What is important is how well we love. God will make our love fruitful whether we see that fruitfulness or not.  
                                                           --Henri Nouwen

If only people could be more reverent toward their own fruitfulness. --Rilke

Why not go out on a limb? That is where the fruit is!


A view from our compound pool in late May. I aspire to eat one of these dates at the end of the summer. Ha!
A blog about this same tree last summer: The Metaphor of the Raining Dates
Today I happened to glance up at a bunch of growing dates in a tree. The small green sprigs hung like nests in a few large clumps dangling from the upper branches. In the harsh, sweltering heat of the Middle East--during the hottest summer months--fruit actually grows on trees. The sweetest manna of fruit, the date, ironically grows as if in a burning fire here.

One would rightly assume nothing could grow in such abundance in this blistering air. Nonetheless, the date palm trees flourish with a harvest in late August/early September. The sweet and luscious dates plop to the ground in all their splendor. Often there is not much water that nourishes them in this Middle East furnace. Yet, these date trees magnificently produce one of the main staples of the region--the delicious and healthy date.

As I looked up and saw the verdant olive-like fruit above me in the date palm tree, I could not help but think that even in the heat of affliction, there is always hope. Maybe the fruit requires a long season to ripen or bear.  But the objective and lesson of life are: we plow with hope, sometimes when we feel or only see scarcity around us. When the good ground seems spare or cracked, we still believe the rain will come--even in the stifling heat. We work, cheer, encourage, and wait--knowing the promise of fruitfulness is there buried in the roots. The bumper crop will come. And we will be astonished at the arm-loads of abundant fruit that we will carry from the harvest.



Trees cover the ground after the Christmas season in Malaga, Spain. There is such an abundance that pruners must come in and cut some of the branches for fear the branches will break off with all the explosion of fruit.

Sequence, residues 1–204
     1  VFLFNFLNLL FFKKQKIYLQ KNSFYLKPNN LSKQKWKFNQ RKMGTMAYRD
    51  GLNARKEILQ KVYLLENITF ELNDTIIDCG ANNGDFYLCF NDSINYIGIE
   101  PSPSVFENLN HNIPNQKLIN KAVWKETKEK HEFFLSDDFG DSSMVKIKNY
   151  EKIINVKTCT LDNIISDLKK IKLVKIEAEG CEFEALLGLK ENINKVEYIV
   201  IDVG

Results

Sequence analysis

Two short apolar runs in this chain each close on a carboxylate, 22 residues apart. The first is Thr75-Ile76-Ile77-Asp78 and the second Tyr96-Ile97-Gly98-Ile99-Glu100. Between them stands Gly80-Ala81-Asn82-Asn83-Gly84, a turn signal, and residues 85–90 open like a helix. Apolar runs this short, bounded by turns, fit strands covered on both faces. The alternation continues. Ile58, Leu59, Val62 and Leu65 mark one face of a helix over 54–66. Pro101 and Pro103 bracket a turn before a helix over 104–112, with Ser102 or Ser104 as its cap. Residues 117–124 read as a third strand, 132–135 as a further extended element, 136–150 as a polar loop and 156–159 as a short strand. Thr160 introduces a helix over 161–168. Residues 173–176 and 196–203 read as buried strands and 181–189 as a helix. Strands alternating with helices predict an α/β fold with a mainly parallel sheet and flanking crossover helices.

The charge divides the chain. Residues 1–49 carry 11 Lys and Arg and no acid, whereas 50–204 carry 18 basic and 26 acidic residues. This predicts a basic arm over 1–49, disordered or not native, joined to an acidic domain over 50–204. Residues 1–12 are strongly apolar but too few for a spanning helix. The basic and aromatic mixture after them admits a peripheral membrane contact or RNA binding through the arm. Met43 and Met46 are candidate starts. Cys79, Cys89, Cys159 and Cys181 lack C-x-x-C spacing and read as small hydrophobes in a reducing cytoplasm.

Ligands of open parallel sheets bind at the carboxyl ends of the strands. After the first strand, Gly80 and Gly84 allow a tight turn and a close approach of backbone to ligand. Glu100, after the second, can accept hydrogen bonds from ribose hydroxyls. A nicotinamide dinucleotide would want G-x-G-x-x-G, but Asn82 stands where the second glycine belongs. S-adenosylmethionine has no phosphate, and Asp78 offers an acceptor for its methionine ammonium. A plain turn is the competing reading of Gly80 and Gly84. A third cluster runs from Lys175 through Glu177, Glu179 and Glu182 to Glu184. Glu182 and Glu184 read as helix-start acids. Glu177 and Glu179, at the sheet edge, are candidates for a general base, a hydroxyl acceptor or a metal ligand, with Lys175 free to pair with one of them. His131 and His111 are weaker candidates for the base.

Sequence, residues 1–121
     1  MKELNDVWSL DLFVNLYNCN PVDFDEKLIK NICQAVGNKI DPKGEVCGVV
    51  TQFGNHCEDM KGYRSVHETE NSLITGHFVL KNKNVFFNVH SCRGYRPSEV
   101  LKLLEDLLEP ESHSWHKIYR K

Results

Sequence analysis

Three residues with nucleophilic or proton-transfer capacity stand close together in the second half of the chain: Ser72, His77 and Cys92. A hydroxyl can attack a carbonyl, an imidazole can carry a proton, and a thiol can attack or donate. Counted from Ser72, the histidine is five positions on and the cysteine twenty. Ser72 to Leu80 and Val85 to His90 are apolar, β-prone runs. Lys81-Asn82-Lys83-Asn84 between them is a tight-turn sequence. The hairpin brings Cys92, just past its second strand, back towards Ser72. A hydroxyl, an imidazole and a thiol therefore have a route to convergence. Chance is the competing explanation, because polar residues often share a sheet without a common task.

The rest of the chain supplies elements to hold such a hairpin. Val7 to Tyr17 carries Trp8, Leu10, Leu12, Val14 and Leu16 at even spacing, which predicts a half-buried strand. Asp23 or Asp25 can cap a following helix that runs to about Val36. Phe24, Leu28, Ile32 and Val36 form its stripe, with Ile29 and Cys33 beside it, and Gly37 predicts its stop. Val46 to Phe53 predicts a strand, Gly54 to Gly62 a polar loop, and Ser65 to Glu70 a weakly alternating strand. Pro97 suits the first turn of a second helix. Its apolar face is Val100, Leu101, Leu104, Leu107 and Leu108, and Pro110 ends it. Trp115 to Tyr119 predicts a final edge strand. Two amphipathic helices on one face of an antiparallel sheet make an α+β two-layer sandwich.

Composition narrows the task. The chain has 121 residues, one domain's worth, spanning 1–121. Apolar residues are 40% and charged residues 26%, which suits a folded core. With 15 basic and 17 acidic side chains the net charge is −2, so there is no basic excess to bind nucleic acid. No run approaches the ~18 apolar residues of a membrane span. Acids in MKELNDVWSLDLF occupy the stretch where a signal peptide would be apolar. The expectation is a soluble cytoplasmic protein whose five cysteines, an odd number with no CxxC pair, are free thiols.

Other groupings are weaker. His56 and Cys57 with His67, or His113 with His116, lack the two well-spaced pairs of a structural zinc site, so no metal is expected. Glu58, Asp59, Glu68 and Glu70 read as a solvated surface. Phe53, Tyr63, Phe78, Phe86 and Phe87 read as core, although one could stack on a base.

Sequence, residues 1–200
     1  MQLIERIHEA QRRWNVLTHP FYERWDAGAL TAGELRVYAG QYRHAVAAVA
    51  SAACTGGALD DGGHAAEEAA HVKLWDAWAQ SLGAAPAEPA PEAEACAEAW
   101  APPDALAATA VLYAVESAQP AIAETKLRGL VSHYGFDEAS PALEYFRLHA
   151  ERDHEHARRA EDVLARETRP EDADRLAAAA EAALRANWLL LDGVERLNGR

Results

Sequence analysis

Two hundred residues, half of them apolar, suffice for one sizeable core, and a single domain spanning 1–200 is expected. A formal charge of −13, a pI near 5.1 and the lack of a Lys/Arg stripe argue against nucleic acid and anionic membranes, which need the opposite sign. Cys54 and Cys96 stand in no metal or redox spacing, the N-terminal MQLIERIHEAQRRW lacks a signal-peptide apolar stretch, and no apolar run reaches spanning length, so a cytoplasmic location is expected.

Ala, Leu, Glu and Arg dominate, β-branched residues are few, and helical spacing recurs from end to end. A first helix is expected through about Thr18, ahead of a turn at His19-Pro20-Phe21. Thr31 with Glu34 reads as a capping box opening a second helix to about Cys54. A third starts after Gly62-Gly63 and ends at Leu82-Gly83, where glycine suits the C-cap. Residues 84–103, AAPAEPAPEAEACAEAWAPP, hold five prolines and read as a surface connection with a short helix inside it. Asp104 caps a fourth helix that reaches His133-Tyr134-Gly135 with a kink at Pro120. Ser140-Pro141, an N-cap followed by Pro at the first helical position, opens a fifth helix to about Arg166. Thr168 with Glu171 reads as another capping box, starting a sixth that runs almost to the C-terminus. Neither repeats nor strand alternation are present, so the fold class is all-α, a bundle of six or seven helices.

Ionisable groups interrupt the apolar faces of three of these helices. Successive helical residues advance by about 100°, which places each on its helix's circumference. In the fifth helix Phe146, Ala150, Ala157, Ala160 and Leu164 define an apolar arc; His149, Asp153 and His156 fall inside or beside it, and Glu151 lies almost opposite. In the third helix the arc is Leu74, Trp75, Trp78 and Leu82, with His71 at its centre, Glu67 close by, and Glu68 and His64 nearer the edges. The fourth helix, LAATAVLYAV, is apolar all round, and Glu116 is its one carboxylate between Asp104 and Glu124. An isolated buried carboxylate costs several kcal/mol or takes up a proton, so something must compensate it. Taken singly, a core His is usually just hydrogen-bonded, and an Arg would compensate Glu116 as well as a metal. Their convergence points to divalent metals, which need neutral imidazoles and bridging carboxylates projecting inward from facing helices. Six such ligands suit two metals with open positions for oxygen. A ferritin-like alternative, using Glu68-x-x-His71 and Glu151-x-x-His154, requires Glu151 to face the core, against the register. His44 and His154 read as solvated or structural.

Joseph and our friend, Mitch, near an old olive press in Provence, France near Voix. 

Olive orchards abound in Provence, France--waiting for the harvest in Decmeber.

A gardener in the late autumn near Lake Como, Italy. She was so pleased to still be arranging flowers from her garden in late October...

In Sierre, Switzerland where my daughter and her husband lived--there are vineyards in every crevice and corner. Orchards intertwine and surround the villages all over the French section of Switzerland--always a reminder that a harvest is coming...


The abundance of olives in a Morocco market

At a market in Tangier, Morocco--the place where tangerines were named after. I have never tasted better citrus in my life than in Tangier and Spain--and I am from California. I think I ate three-five a day while in these countries.

A Syrian man who I support at his fruit stand. Although his variety is not abundant, the fruit he sells is alway sweet and delicious. Lesson: There is never a meager offering. In the paradigm of scarcity and fruitfulness, fruitfulness will reign every time.


Saturday, May 26, 2018

This One is for you Dad

I tremble with gratitude
for my children and their children
who take pleasure in one another.

In our dinners together, the dead
enter and pass among us
in living love and in memory.


And so the young are taught.


~2005~ Wendell Berry (a favorite poet)


Always looking further where he could go. Here is my blog post I wrote about him for Father's Day after his death one year ago. His journey to becoming a great father is an interesting one. Fatherhood: The Impact of a Dad

Occasionally there are landmark dates when we have been separated from death with our loved ones. When a loved one has been gone one year, we square our shoulders and say we have survived one year, four seasons, without them. The years inevitably pass, but our memories linger of their laughter, hugs, and conversation. We can almost hear their voices call out--begging us not to forget them. These are moments when we tightly knit together those stories so the memories will never unravel in our hearts. Sometimes, and often on those anniversaries of death, we allow ourselves to think upon their cherished faces and what they mean to us. Today is one of those days for me. 

A year ago today I received a call in the Paris Airport that my father had passed away. I was jolted, almost soul-broken. I did not make it see him in his last failing moments. On the endlessly long plane ride across the Atlantic Ocean to unite with family, I shamelessly sobbed in front of a few strangers. I remember the Vietnamese passenger next to me who saw some tears. She kindly listened to a few stories about my dad I had in my reservoir to tell. 

Interestingly enough, as the plane landed, a sweet peace came to me: I remembered that I had spent the previous summer at my parent's home laid up with a broken ankle for almost two months. There had not only been hours and days of conversation. But we had tediously edited and read the memoirs of his life that he had so painstakingly written. With his last breath, there would still be stories, instruction, and laughter he had penned. His voice had not vanished in the air.

I had pleaded for him to write his life story for years. For a long time, he demurred my questions--waving off any sign of commitment. To write about his childhood during the Depression with a dysfunctional family was too difficult for him to excavate. He did not want to dig up the old pain. However, in the five or so last years of his life, he spent an uncommon amount of time in his study writing longhand on his yellow tablets of paper. He never touched a computer--preferring to write in his almost indecipherable handwriting.